Eating healthy when money is tight.
It is an unfortunate fact of life that many high nutrient, low fat, low calorie foods are expensive, while many nutrient free, calorie dense foods are cheap. This can make buying and cooking healthy foods for yourself and your family quite a challenge, particularly when the food budget is limited.
With some advance planning, however, it is still possible to create a week full of wonderful, nutritious meals, not matter how small your food budget. The key is to plan ahead, shop smart, and make the most out of the foods you buy.
Planning those meals:
In today’s busy world, meal planning often means calling out for a pizza or hitting the drive through on the way home. This type of lifestyle has helped to fuel the epidemic of obesity the country has been experiencing. There is a better way, however. Simply taking a few minutes a week to plan your family’s meals can make a lot of difference, both in money saved and nutrition gained.
Advance meal planning is a must for any shopper on a budget. Writing down your meal plans, including the ingredients needed and expected preparation time, will help you plan what to buy and how to cook. For those with especially busy schedules, planning meals that can be cooked ahead of time and reheated is a huge time and money saver.
Fortunately, many healthy meals, such as vegetable casseroles, pasta dishes, meat dishes, seafood entrees, fruit salads, etc. are great as leftovers. It is easy to see how advance meal planning can save you time. Many working mothers, for instance, will make an entire week’s worth of meals on the weekend, then heat each day’s meals up as the week unfolds. This is a great strategy for creating a healthy and varied menu the whole family will love.
Hitting the grocery store:
Now that you know what meals the coming week will bring, its time to hit the grocery store in search of the perfect and most healthy ingredients. Before you hit the grocery store, however, be sure to check the pantry. Keeping well stocked pantry, and restocking when staples such as canned vegetables and fruits go on sale, is the cornerstone of any healthy eating budget.
After you have gone through the pantry and noted the items you need to buy, it is time to check the sales flyers for your local grocery stores. Most major grocery store chains include sales flyers in the local newspaper, so be sure to check there for sales on the items you need for your meals.
Going to the grocery store armed with a shopping list is the best way to save both time and money. The grocery store contains many temptations, and most of them are both unhealthy and expensive. Sticking to the list is the best way to stay within your budget while providing yourself and your family with wholesome, nutritious food.
Don’t forget to include fresh fruits and vegetables on your shopping list. Keeping fresh fruits and veggies around for snacks is a great way to eat healthier.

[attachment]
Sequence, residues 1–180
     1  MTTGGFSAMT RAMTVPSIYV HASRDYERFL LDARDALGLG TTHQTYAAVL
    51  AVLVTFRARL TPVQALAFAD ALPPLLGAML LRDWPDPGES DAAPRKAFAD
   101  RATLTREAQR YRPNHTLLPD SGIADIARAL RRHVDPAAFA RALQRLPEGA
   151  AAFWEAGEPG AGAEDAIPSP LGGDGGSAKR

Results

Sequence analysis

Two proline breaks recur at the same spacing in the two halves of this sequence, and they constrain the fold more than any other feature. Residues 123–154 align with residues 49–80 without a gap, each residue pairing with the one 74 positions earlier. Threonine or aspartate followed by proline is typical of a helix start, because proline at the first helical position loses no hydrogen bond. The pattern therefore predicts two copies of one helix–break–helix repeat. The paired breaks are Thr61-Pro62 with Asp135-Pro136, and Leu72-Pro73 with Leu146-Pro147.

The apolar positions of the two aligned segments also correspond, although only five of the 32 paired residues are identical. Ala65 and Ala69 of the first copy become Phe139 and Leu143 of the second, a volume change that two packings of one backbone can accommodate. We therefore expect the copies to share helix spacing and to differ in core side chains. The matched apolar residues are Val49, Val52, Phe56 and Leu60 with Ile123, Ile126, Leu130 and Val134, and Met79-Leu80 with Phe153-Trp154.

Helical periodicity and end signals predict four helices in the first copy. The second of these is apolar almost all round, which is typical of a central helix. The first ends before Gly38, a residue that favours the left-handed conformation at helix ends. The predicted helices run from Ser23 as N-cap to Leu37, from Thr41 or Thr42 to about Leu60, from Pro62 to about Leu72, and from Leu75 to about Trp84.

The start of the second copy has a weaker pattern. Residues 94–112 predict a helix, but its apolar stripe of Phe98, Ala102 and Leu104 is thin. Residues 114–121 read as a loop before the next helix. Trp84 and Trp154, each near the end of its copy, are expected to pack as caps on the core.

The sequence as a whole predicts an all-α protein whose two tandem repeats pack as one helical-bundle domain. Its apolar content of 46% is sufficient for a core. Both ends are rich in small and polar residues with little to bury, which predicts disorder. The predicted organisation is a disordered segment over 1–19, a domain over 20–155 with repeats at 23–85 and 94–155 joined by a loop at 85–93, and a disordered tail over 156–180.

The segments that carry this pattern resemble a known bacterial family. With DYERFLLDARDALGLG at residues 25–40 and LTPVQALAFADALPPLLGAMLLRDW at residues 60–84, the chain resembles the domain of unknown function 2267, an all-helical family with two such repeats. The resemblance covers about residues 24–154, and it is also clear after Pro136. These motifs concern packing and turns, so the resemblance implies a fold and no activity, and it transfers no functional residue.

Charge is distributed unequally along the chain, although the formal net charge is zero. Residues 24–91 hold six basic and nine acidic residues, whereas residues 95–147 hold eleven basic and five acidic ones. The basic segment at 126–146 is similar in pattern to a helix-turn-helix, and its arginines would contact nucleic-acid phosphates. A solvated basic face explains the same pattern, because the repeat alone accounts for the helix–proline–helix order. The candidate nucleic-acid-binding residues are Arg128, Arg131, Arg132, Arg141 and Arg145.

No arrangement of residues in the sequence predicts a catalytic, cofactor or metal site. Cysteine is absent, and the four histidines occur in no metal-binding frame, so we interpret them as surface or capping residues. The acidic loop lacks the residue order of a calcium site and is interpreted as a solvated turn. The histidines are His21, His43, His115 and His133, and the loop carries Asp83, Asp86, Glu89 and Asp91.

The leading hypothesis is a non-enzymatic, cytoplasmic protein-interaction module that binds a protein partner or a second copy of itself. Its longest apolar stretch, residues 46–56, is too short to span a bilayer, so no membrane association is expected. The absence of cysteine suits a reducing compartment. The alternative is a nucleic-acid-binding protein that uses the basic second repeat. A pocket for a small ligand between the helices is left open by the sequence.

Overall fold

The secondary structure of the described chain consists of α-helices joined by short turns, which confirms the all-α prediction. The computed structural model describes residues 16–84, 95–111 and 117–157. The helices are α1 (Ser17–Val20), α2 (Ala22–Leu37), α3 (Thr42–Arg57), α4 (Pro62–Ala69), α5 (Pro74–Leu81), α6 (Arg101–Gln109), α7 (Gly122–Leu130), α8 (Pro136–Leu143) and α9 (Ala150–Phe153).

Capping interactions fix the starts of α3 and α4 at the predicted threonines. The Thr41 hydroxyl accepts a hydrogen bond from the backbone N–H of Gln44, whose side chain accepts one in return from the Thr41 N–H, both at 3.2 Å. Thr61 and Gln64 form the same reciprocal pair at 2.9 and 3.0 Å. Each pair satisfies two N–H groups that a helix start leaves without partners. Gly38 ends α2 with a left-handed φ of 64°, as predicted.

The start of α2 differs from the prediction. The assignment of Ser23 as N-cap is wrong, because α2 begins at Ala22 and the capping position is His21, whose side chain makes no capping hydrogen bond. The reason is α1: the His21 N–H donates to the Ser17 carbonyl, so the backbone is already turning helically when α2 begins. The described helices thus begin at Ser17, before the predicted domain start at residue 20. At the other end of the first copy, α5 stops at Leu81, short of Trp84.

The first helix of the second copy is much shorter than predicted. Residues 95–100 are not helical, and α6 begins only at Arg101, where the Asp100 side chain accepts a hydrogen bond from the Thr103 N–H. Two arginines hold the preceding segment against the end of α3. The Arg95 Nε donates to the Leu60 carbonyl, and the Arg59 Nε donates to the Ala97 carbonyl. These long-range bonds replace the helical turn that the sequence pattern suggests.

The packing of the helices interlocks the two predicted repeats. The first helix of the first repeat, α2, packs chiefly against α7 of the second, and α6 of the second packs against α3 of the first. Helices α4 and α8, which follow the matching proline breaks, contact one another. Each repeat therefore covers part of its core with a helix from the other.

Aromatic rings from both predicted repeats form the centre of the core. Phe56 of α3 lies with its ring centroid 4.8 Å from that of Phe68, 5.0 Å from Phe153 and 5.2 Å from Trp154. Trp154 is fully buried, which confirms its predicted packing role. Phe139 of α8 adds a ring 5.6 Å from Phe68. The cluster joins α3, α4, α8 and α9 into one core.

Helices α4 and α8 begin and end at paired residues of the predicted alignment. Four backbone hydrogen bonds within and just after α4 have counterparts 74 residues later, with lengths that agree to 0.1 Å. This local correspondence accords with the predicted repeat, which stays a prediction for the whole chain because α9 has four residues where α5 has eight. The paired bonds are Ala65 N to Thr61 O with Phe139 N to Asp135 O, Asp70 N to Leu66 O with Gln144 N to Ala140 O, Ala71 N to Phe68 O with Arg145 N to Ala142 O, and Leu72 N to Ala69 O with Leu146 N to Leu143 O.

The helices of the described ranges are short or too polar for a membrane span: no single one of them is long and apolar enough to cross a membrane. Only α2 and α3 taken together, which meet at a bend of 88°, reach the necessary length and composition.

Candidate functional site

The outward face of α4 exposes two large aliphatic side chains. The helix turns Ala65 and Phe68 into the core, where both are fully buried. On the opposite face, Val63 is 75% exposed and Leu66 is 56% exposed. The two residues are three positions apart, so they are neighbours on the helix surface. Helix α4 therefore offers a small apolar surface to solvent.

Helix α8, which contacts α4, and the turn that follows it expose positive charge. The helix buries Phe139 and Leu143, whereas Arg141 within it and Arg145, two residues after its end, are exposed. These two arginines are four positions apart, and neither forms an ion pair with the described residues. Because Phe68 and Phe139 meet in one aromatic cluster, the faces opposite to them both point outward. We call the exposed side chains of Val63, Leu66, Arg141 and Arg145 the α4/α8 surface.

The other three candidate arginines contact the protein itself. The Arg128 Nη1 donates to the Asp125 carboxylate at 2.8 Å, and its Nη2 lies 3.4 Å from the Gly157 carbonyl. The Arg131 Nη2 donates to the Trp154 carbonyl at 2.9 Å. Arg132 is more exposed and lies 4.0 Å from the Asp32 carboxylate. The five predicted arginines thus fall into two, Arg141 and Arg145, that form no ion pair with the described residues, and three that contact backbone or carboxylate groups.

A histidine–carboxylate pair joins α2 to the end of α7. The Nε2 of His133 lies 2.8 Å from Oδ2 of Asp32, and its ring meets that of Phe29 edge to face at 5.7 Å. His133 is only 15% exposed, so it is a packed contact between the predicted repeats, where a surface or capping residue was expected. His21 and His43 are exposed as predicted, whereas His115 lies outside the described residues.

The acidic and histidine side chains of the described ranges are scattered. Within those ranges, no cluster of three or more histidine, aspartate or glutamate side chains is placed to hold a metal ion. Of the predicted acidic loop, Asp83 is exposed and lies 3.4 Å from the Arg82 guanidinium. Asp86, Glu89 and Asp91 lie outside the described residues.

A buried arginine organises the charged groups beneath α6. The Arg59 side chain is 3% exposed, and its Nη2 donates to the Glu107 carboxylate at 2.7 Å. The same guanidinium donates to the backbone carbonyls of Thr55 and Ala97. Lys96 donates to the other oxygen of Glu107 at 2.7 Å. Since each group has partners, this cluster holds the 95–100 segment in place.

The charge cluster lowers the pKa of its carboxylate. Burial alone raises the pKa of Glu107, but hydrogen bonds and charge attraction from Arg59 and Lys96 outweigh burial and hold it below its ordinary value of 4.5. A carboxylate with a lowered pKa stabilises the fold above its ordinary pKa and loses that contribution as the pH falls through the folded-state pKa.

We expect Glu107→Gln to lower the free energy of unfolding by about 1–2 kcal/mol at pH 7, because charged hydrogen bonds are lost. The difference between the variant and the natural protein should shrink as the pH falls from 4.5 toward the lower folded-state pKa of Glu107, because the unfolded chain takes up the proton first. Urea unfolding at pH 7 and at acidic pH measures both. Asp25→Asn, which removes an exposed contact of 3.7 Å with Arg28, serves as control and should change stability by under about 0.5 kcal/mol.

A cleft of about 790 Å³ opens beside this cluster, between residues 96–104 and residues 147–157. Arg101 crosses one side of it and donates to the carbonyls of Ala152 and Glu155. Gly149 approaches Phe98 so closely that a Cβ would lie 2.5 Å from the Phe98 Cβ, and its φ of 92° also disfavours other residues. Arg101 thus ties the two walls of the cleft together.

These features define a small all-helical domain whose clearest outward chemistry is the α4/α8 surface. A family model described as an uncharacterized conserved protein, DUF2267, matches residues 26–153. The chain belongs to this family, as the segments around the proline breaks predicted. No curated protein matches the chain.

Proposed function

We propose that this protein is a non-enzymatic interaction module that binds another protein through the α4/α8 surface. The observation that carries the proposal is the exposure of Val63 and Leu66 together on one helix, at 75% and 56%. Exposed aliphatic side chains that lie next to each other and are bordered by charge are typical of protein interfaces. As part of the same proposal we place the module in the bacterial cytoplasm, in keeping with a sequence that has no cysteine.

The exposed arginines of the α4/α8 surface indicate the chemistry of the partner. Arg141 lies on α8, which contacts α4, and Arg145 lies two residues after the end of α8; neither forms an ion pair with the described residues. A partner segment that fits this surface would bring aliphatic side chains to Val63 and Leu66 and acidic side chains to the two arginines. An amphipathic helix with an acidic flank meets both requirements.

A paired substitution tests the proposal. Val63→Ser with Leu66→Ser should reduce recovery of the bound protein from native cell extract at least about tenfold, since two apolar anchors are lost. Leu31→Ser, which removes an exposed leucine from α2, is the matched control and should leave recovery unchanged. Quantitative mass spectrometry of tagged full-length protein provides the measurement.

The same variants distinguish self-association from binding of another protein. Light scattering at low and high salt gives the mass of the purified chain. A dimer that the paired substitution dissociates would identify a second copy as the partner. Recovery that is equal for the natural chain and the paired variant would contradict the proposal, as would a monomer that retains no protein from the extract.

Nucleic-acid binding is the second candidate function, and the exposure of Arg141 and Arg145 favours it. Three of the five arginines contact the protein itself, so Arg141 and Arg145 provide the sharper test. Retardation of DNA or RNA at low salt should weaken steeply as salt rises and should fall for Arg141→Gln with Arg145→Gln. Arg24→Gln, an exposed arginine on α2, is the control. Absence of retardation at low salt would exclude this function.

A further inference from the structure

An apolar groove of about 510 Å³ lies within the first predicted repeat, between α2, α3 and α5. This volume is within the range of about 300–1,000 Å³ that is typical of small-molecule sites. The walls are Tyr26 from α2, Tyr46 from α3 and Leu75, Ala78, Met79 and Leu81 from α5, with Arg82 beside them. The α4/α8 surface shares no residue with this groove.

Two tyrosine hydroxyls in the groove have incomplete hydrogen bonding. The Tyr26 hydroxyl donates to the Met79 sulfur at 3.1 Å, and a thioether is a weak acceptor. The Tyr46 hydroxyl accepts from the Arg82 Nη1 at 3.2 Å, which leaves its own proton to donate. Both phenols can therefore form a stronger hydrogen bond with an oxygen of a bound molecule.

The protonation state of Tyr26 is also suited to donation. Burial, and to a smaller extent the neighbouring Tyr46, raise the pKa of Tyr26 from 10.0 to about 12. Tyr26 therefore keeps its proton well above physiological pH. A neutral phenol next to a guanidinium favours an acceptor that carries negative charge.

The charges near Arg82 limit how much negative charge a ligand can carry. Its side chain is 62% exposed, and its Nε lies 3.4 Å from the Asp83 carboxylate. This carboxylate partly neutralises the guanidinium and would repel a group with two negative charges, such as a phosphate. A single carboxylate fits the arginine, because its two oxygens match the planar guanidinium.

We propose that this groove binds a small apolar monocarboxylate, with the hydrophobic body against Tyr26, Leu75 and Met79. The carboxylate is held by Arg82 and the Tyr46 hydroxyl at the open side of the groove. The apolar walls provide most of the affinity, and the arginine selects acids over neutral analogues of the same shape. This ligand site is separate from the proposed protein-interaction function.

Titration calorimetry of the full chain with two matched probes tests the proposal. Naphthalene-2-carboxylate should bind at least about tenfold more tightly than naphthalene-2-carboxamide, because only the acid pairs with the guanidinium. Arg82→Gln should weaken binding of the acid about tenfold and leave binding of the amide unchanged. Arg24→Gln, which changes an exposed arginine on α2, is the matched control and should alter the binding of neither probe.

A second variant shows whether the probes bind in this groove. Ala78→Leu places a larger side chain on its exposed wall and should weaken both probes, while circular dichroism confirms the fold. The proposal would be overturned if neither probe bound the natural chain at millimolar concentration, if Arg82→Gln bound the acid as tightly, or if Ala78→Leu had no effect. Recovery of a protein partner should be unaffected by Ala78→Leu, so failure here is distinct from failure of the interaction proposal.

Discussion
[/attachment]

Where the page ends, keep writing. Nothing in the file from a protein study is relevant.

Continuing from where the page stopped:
Preparing the meal:
After everything has been purchased, the pantry has been restocked, and fresh bowls of fruits and vegetables are arranged for snacking, it is time to start creating that meal on a budget. As we said before, making meals in bulk for later use during the week is a great strategy for working women, and for those who are pressed for time. Taking a few hours to mix the ingredients and prepare the food can save a lot of time in the long run.
Of course for those on a budget saving money is just as important as saving time. One of the most important ways to save money while still eating a healthy diet is to stock up on those essentials you always seem to run out of. Try keeping a notepad on the refrigerator or near the sink. Every time you run out of a certain food, write it on the notepad. You will probably notice a pattern emerging after a week or two. So the next time your local grocery store runs a special on one of those things you always need, but it in bulk and keep a good supply on hand.
Buying in bulk is a great way to save money on many different kinds of healthy foods. Many people automatically think that the local warehouse club store is the cheapest place to buy bulk items, but this is not often the case. The weekly specials at the local grocery store often beat those warehouse club prices, often by a large margin. So be sure to shop around and comparison shop often as you put together those healthy meals.
This information is not presented by a medical practitioner and is for educational and informational purposes only. The content is not intended to be a substitute for professional medical advice, diagnosis, or treatment. Always seek the advice of your physician or other qualified health care provider with any questions you may have regarding a medical condition. Never disregard professional medical advice or delay in seeking it because of something you have read. This statement has not been evaluated by the FDA and is not intended to “diagnose, treat, cure or prevent any disease".
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